Special Sunday Alert: Justice Scalia Dies

Justice Antonin Scalia of the Supreme Court of the United States died yesterday.  Born in Trenton, New Jersey on March 11, 1936, he was 79 at his death.

A graduate of Georgetown University and Harvard Law School, Justice Scalia began his legal career at the law firm now known as Jones Day.  After six years there, he left to join the faculty of the University of Virginia Law School in 1967.  Five years later, President Nixon appointed him as General Counsel for the Office of Telecommunications Policy.  He was later served as an Assistant Attorney General in the Office of Legal Counsel, worked at the American Enterprise Institute, and taught at the University of Chicago Law School.  In 1982, President Reagan appointed him to the United States Court of Appeals for the District of Columbia Circuit.  Four years later, President Reagan nominated him to the Supreme Court.  Justice Scalia was confirmed by a 98-0 vote in the Senate.

Justice Scalia was a passionate advocate of “originalism,” rejecting the idea of a “living Constitution” and instead seeking all answers to constitutional questions in the text of the Constitution itself and the understandings of the men who had drafted and ratified it many years earlier, in different times, and despite the differences among the views of those men themselves.  He disdained the use of legislative history to interpret statutes, again asserting that the only legitimate basis for interpreting statutes was the language of the statute itself.

Whether these methodologies led Justice Scalia to his results, or vice versa, his opinions virtually always came down on the side of political conservatives.  (Among the most notable exceptions was Texas v. Johnson, 491 U.S. 397 (1989), in which Justice Scalia joined a five-Justice majority to void statutes the criminalized desecrating the American flag).  Justice Scalia was the intellectual leader of the Court’s right wing, using his intellect and a trenchant writing style to move the Court rightward over the nearly 30 years that he served on the Court.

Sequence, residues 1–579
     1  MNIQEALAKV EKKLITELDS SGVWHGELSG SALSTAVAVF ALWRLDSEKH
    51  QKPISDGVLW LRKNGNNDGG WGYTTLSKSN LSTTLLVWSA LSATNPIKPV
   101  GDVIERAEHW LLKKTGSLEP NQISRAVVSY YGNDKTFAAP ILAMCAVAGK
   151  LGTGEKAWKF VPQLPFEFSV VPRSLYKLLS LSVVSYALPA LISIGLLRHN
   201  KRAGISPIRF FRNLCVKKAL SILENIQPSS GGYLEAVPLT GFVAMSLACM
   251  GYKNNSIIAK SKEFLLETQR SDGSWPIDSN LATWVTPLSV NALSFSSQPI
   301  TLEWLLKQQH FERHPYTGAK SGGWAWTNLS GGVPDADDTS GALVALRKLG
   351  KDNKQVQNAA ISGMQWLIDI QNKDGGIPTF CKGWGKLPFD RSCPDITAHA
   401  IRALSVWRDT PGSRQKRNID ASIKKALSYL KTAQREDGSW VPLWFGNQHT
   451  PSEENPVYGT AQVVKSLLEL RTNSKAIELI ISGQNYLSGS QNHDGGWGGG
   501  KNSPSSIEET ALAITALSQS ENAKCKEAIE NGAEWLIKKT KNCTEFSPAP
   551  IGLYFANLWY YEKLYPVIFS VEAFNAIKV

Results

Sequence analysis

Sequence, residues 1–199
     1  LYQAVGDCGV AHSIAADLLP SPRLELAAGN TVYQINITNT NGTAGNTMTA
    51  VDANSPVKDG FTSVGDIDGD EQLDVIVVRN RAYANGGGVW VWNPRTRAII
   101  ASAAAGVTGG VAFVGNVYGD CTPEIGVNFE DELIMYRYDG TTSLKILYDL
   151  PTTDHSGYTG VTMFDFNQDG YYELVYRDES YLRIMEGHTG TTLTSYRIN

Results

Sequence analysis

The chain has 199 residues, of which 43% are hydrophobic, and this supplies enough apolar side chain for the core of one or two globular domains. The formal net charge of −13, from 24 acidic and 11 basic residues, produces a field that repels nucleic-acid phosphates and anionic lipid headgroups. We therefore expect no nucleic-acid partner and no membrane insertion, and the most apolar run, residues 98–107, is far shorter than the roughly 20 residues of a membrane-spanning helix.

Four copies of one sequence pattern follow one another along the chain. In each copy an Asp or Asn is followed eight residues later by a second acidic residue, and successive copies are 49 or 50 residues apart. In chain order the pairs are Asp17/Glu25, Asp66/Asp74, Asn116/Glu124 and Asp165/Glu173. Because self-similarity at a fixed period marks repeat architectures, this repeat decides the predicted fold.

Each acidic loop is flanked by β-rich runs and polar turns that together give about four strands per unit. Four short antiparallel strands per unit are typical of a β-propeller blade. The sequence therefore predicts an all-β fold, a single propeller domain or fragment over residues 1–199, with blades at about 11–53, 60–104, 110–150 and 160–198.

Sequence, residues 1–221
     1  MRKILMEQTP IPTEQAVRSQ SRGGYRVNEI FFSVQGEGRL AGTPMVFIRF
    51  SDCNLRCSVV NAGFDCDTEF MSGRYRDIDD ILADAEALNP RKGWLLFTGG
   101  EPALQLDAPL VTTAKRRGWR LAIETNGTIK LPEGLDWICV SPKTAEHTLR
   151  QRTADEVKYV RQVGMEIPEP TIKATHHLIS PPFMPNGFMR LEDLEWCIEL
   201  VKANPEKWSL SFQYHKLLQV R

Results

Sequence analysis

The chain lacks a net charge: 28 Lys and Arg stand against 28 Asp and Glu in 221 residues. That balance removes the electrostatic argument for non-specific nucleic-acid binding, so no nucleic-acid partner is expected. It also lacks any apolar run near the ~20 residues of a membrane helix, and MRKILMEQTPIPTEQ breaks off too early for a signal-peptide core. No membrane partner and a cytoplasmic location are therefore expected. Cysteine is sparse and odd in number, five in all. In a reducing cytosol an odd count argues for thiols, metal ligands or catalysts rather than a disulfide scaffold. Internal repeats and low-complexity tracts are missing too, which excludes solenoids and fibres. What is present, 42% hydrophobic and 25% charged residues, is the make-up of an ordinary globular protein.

Justice Scalia generally advocated for a very strong Executive Branch, sided with states against the federal government on federalism issues, and held for businesses and against consumers, especially in class actions.  On social issues such as abortion, homosexuality and same sex marriage, gun rights, and the death penalty, he was a reliable and outspoken vote for the conservative agenda.  And, unsurprisingly, he was as shrill an opponent of the Affordable Care Act as any Republican politician, labeling the view of the Court’s majority, which has repeatedly upheld “Obamacare,” as “absurd” in last year’s ruling in  King v. Burwell, 576 U.S. ___ (2015).

Always one to express himself strongly in his written opinions, whether in the majority or in dissent, in more recent years Justice Scalia’s prose, especially in dissent, became increasingly vitriolic and his attacks on other Justices more and more injudicious.  He mocked an abortion opinion by Justice O’Connor as one that “cannot be taken seriously,” charged that Justice Sotomayor had offered a statement of facts that was “so transparently false that professing to believe it demeans this institution,” and assailed Justice Kennedy’s majority opinion in last year’s same sex marriage case as “couched in a style that is as pretentious as its content is egotistic.”  Despite that sort of personal hostility in his writing, Justice Scalia was often droll, and he enjoyed warm relationships with his colleagues, including Justice Ginsburg, with whom he shared a love of opera.

There is much more to be said about Justice Scalia, which will be said by others at greater length and in more depth.  Suffice it to say that the Court has lost its most colorful, and perhaps most influential, Justice.  Justice Scalia’s death raises the stakes for this year’s Presidential election, since if Senate Republicans carry out their promise not to vote on any nominee that President Obama offers to fill Justice Scalia’s seat, the next President will be able to nominate Justice Scalia’s successor.